Document Type : Research Paper


1 Assistant Professor

2 M.A. in TEFL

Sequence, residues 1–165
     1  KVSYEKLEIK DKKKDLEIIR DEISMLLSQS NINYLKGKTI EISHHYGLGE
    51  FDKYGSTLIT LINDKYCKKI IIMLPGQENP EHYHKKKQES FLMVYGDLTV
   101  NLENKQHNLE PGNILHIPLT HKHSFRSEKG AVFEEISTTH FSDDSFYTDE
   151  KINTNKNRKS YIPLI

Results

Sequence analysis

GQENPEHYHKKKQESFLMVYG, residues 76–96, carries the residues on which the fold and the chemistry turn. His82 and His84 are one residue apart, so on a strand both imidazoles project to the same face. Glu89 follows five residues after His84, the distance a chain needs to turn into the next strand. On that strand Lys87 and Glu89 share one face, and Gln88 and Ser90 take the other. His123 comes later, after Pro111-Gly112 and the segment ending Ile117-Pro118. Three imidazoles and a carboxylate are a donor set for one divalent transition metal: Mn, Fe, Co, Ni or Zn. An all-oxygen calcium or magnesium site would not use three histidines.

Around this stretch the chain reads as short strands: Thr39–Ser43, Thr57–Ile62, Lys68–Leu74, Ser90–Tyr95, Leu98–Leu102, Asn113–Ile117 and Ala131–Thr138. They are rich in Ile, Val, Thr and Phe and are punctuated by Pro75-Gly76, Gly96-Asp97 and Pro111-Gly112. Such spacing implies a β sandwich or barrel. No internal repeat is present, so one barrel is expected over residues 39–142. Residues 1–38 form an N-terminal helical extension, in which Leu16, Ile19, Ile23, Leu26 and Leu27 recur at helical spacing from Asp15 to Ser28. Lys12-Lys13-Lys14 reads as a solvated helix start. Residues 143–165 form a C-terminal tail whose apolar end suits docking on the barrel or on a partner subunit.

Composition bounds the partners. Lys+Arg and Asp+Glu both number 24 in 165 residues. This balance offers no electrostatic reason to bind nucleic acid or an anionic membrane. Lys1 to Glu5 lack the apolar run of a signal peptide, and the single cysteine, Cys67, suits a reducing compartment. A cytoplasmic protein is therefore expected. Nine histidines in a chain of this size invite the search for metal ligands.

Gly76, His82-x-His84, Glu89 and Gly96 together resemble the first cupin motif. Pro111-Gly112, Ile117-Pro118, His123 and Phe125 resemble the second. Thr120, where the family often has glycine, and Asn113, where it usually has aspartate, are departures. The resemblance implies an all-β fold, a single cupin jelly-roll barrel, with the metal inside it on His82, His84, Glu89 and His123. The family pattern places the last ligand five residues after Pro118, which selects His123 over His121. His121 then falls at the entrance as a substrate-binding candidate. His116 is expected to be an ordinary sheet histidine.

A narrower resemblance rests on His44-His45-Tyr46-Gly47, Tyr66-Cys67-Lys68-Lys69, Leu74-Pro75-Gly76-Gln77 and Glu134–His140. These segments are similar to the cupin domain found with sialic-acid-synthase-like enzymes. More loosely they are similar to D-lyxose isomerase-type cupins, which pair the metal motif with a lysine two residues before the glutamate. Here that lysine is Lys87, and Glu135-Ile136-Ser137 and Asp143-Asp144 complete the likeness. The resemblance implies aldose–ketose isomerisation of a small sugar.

This study was an attempt to explore the role that the increased perceptual saliency of L2 input features or output flaws and hereby promoting L2 learners’ noticing (through planned instructional activities) can play in the learners’ use of correct English intonation patterns. The participants were 80 Iranian EFL students attending four intact classes, two low-intermediate and two upper-intermediate levels, in a language institute in Shahrekord. The classes at each level were assigned to control and experimental groups. The experimental groups received the noticing-enhancing instruction while listening to native speakers' English audio-recorded on a CD and through in-class intonation assessment tasks, repeated activation of intonation patterns in both L2 input and output, metalinguistic explanations, picture descriptions, and interactive role-playings. An English native-speaker instructor was then hired to rate the learners’ audio-recorded data at both pretest and posttest times. The results of the statistical data analysis demonstrated that both the ‘noticing groups’ achieved significant improvement from their pretests to their posttests. Complementary gain score analysis indicated that the attainment of the lower-level group was relatively more than that of the higher-level group, perhaps due to the fact that they initially had more room for improvement. It is finally discussed that selective attention, or noticing, can influence the processing of the commonly neglected aspects of L2 input and thus leads to more learning. The findings also suggest that L2 practitioners include in their pedagogy activities that aim to increase the prominence or saliency of such intrinsic features of L2 input and communication in order to make them available for processing and internalization.


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